14 August 2013

A Tool to Teach Health Literacy: Paweena Prachanronarong and Young Women United

This summer, Ms. launched its inaugural fellowship program with New York City’s Parsons The New School for Design, pairing three Parsons MFA design students and graduates with three different Ms. grantees working in reproductive justice. With an eye on serving economically, racially and geographically marginalized women in particular, the partnerships will produce public education campaigns and interactive tools to better equip women and girls in the fight for their right to accessible, comprehensive health care. 

By Contessa Gayles, Ms. Foundation intern and graduate student in journalism at NYU

“I am a woman of color who had a child when I was young,” Paweena Prachanronarong, now 32 years old, tells Ms. “At that time, I was in school, so I had to drop out and had no income . . . I've been there, and if there is a way to help clear obstacles for people, I want to help.” Now, with an MFA in Design and Technology from Parsons, Prachanronarong is doing just that, using design and innovative solutions to help young women and girls of color in need.

For her fellowship, Prachanronarong is paired with the Ms. grantee Young Women United. The organization works to improve access to comprehensive sex education and health care, and to advance reproductive justice for young women of color in Albuquerque, New Mexico, where people of color are the majority. Young Women United was one of the leading organizations advocating for the passage of New Mexico HB 300. The bill, which was signed into law this past spring, establishes statewide requirements for public school districts and charter schools to enact policies that provide excused absences to pregnant and parenting students. This gives more students a fighting chance at finishing their high school educations, while simultaneously chipping away at the institutionalized stigmatization of young parents.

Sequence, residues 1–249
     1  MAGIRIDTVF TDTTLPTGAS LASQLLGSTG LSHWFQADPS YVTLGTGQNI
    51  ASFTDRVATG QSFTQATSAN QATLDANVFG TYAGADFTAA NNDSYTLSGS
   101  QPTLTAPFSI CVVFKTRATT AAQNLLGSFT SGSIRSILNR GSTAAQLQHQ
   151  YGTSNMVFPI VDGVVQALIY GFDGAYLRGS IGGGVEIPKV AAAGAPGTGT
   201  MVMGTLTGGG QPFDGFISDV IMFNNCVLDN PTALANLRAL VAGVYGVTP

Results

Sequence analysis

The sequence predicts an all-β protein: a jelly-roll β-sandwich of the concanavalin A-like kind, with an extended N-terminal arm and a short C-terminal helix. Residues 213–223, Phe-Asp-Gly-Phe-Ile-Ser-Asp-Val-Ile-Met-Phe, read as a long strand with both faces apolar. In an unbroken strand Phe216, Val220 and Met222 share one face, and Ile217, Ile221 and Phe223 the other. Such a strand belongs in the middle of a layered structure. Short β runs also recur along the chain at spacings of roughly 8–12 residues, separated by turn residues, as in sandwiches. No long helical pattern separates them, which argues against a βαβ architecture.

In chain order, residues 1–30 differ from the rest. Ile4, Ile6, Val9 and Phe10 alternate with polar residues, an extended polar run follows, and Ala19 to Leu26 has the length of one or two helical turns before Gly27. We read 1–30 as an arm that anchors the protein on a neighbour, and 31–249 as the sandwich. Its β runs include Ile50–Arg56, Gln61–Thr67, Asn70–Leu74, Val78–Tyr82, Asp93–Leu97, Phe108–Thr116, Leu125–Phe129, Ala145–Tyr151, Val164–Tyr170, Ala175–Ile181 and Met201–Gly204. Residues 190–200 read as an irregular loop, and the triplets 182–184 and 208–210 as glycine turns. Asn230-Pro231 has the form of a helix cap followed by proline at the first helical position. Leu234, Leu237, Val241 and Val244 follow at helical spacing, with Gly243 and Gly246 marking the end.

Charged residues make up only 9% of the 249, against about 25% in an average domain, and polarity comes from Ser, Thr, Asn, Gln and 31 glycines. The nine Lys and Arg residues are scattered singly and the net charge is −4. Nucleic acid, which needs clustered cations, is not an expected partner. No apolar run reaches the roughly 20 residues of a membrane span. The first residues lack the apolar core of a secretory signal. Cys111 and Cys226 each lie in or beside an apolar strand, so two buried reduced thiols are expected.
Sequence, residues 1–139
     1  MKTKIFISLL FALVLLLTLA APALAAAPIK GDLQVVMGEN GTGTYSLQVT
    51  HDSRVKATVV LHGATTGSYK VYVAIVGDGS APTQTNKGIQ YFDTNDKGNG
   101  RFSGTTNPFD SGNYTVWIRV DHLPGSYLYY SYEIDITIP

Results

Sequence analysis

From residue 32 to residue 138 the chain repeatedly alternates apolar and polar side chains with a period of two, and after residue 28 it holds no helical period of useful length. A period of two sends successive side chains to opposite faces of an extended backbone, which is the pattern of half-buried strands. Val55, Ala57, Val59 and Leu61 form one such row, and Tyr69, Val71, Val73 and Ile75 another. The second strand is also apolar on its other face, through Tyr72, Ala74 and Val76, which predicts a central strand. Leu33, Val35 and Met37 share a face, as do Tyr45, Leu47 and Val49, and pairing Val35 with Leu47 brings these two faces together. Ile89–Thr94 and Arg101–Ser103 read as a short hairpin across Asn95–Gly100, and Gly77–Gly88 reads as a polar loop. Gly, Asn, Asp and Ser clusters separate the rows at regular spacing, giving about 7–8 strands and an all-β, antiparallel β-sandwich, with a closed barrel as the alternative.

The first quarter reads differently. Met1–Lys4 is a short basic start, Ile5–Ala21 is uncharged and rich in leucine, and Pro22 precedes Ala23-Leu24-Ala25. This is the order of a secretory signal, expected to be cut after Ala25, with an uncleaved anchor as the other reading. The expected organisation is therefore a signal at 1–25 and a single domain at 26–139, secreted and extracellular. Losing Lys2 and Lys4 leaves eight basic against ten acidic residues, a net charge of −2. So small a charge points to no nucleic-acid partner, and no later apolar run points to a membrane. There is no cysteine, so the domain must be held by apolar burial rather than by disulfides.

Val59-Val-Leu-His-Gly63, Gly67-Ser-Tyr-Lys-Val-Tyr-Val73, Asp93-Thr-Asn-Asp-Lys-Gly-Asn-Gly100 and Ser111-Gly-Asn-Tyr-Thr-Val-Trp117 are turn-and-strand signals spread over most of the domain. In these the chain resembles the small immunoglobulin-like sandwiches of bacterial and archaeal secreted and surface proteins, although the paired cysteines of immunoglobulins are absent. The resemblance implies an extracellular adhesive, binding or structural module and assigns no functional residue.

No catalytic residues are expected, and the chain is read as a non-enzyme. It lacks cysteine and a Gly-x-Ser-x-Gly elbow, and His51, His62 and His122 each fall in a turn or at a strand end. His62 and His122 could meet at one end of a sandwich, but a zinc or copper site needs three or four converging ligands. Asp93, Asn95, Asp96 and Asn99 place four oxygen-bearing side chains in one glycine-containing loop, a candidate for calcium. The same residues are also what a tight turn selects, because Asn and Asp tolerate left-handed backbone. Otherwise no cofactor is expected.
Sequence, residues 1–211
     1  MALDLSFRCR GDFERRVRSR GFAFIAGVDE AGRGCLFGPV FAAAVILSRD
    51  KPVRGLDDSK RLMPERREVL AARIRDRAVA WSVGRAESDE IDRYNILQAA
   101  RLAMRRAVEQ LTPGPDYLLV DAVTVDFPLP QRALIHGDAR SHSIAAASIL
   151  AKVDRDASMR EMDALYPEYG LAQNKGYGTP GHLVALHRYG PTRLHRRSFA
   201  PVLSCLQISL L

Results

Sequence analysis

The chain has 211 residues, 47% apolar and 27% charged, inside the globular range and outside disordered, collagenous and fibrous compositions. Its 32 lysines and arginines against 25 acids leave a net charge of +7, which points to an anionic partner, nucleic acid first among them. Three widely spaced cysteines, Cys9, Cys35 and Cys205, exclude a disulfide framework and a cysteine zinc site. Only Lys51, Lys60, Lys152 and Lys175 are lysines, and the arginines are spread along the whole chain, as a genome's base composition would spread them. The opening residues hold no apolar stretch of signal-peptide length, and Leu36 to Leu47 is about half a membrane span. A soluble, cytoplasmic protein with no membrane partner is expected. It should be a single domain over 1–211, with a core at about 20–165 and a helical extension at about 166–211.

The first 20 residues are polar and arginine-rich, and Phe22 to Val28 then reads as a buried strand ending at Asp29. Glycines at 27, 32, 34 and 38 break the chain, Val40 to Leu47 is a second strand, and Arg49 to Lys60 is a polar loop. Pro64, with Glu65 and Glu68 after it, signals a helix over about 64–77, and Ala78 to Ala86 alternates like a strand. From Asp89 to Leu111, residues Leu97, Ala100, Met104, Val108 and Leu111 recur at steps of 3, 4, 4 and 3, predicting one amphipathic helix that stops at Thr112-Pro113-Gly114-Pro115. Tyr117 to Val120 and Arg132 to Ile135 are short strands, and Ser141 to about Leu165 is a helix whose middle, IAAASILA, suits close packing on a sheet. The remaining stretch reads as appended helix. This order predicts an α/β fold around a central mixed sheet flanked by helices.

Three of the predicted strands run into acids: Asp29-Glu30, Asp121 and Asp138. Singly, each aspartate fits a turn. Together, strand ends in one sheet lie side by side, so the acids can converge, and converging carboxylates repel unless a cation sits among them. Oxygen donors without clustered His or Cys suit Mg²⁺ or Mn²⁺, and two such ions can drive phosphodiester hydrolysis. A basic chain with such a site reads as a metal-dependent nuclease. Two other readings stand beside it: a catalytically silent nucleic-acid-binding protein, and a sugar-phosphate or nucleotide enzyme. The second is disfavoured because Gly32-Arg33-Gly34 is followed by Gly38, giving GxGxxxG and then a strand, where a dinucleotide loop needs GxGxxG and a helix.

Continuing this commitment to youth empowerment, Prachanronarong is designing a tool to teach health literacy to Albuquerque’s young people. This goes beyond knowing how to decipher the label on a prescription bottle; it concerns everything from learning the difference between a school-based clinic and a public health office to patient-physician confidentiality to the local rules about parental consent for reproductive care.

This expanded definition of health literacy is increasingly important, as young people in the U.S. younger than 18 continue to experience poverty at significantly higher rates than adults. They need -- and have the right -- to know how to access and pay for care. And while the information is out there, it is rarely framed or communicated to young people in an accessible way. “The end result will definitely be something fun, like a game,” Prachanronarong explains. “This tool will also educate youth about their rights so that they can advocate for themselves.”

Here's more from the series on Ms.' 2013 Parsons fellows: Mapping ACA Insurance Enrollment: Lauren Slowik and West Virginia FREE

Return to the Ms. Foundation for Women website


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